Stuff That Was Cut
One of the most valuable lessons I learned working in AAA is that nothing is above being cut. Developing (and finishing) a game is just as much about removing things as it is adding them. Cutting stuff out that doesn't add to the experience or when the payoff doesn't match up with the cost of implementation is actually something I enjoy. It keeps me constantly thinking about the core of what makes a game fun or interesting.Baggage
From the very beginning I envisioned a simple baggage-inspecting mechanic. Basically just like the body scanner but with randomized contents and a gun or two every once in a while. I kept putting off the implementation until eventually it wasn't needed. The game was already fun without it and adding it would've been a sizable task. Instead, I made it a point that baggage is not allowed so it sorta fit well with the narrative.Booth Shenanigans
The booth screen was supposed to have more going on. The shutter switch is some evidence of that; there were plans to have immigrants pull a gun or otherwise threaten the inspector. When this happened you'd have to close the shutter quickly or pull your own gun or something. Like the baggage though, I held off implementing it long enough to decide that it wasn't necessary. Normally I'd remove any vestiges of a cut feature but in this case I left the shutter switch in. It's a fun little thing to role play and it comes in handy for triggering a hint early in the game. I still get comments about the pointlessness of this switch though. Maybe I should've removed it.UV Seals
I think these are mentioned briefly in the devlog somewhere. The document seals were supposed to grow more involved. As part of the general progression of complexity, I wanted to add a special UV light in the late game that would be needed to verify a new type of document seal. The idea was to have only a small area of the desk lit by UV light. You'd have to move the document into this area to reveal a second "hidden" image in the seal that needed to match the rulebook. It seemed like a cool way to increase the difficulty and would've been a nice technical effect. Unfortunately and once again, this feature got pushed back far enough that it fell off the edge. Unlike some of the other cut stuff, I held out on this one for a bit longer though. I was ready to add it in until the last few weeks, when I'd laid out enough of the story and progression to find there was no room left for it.Search Photo Confiscation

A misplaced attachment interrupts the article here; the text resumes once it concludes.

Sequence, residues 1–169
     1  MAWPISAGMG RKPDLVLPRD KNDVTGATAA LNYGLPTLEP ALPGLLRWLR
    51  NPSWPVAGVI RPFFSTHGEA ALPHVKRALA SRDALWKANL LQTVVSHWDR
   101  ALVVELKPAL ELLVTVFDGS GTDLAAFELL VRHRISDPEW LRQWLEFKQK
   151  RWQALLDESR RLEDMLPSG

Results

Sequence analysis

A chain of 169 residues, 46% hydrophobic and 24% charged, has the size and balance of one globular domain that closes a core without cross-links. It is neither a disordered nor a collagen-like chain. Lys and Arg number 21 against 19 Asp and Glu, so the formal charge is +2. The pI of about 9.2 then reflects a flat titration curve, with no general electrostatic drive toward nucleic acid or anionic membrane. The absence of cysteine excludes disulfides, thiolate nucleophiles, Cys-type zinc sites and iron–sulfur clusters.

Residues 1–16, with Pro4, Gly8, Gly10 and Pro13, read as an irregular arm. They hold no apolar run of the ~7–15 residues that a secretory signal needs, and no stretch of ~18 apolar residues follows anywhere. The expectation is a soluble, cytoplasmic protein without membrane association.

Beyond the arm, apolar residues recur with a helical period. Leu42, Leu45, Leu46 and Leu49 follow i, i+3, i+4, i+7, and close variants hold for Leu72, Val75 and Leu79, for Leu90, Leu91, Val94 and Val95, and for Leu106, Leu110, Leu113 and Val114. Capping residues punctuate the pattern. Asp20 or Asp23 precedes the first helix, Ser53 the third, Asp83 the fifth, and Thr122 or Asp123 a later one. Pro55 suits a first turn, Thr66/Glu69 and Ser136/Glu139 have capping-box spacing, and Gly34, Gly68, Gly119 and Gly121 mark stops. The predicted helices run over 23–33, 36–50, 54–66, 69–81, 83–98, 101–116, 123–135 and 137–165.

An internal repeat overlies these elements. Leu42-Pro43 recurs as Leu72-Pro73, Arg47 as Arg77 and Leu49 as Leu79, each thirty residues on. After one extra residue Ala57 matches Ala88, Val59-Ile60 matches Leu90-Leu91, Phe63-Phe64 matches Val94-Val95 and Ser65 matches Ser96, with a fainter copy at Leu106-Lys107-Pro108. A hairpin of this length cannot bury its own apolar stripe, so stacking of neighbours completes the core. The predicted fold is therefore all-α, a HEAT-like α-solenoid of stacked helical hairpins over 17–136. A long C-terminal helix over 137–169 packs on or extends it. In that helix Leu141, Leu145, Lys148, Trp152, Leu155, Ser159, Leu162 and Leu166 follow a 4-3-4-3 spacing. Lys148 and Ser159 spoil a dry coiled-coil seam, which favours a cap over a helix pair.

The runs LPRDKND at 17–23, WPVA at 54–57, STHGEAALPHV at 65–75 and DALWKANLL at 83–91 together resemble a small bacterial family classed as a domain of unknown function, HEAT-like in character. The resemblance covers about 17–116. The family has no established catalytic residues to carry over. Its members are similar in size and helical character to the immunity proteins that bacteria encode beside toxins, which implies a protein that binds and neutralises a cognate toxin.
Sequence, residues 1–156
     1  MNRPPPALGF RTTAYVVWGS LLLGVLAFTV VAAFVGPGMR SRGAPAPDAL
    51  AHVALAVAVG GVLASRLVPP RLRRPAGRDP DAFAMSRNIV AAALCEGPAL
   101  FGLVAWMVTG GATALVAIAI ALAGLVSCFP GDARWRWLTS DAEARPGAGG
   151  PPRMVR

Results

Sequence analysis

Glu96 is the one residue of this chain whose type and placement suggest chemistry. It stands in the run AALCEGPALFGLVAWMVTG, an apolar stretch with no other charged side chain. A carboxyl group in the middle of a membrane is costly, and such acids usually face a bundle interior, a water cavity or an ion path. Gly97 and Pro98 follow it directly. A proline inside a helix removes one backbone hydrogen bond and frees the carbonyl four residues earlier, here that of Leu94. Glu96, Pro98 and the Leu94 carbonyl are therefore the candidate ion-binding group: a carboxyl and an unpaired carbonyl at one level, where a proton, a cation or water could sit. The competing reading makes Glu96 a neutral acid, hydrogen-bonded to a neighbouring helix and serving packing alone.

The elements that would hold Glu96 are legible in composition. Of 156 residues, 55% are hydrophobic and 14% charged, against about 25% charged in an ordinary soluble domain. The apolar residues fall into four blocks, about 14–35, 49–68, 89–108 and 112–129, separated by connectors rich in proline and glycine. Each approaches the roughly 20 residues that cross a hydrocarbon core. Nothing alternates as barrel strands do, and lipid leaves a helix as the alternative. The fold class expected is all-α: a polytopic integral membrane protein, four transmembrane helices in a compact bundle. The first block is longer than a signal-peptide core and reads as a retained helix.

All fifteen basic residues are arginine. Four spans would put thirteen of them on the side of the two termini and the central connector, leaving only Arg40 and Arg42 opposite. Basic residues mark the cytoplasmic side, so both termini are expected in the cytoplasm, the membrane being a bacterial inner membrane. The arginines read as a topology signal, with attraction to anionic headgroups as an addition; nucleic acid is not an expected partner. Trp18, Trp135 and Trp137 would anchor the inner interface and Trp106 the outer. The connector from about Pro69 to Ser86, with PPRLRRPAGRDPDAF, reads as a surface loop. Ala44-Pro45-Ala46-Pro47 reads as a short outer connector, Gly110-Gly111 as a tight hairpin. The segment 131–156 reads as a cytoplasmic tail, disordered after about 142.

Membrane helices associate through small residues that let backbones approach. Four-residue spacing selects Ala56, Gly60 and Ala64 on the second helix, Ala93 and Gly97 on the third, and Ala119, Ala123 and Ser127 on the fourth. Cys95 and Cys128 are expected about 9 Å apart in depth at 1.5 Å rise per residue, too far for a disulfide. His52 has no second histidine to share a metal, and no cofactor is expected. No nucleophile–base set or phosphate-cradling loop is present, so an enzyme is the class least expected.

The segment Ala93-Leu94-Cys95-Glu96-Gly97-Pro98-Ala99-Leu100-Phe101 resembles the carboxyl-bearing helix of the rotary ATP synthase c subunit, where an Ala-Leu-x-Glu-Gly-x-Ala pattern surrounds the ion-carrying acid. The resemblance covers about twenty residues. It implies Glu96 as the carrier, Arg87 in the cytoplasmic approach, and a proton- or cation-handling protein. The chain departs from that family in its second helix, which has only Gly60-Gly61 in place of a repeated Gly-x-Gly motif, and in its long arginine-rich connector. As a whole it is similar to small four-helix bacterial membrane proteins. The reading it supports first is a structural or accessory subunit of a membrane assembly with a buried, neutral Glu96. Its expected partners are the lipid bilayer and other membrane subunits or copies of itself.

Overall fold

This is the latest major cut I can remember. An early assumption was that the game would have both the search mechanic (which left naked photos on your desk) and a way to sell those photos for money. There's even a devlog post where I'm wink wink hinting at this, as if it's not an obvious extension of the search mechanic. This is basic low hanging fruit when dealing with the concepts of security and privacy wrapped up in body scanning. Surely those security personnel are keeping and/or profitting from naked pictures of people. Now you can too! The mechanic worked like this:
I didn't want (too many) documents crowding your desk so I created the confiscation drawer. Search photos would automatically move to your confiscation drawer and stay there until the end of the day. Unsavory characters would come in and offer you 5 credits per photo, which you could drag out of the drawer and give to them. Easy.
The confiscation drawer was a nice solution to the technical problem of having a full day's worth of unique documents loaded in memory. As soon as the person walks out of the booth, the custom photo is unloaded and the confiscation envelope changes to become a generic "closed envelope" with some descriptive text.
Everything here was completely implemented before I started laying out the final days of the game. That's when I noticed a few problems.
- Why are only passports and search photos confiscatable?
- Passport confiscation is a critical end-game revelation.
- Search photo confiscation is a setup for a few obvious (and superfluous) encounters.
- All the rules about confiscation have to mention both photos and passports.
- Search photos appear very early in the game but passport confiscation only makes sense near the end.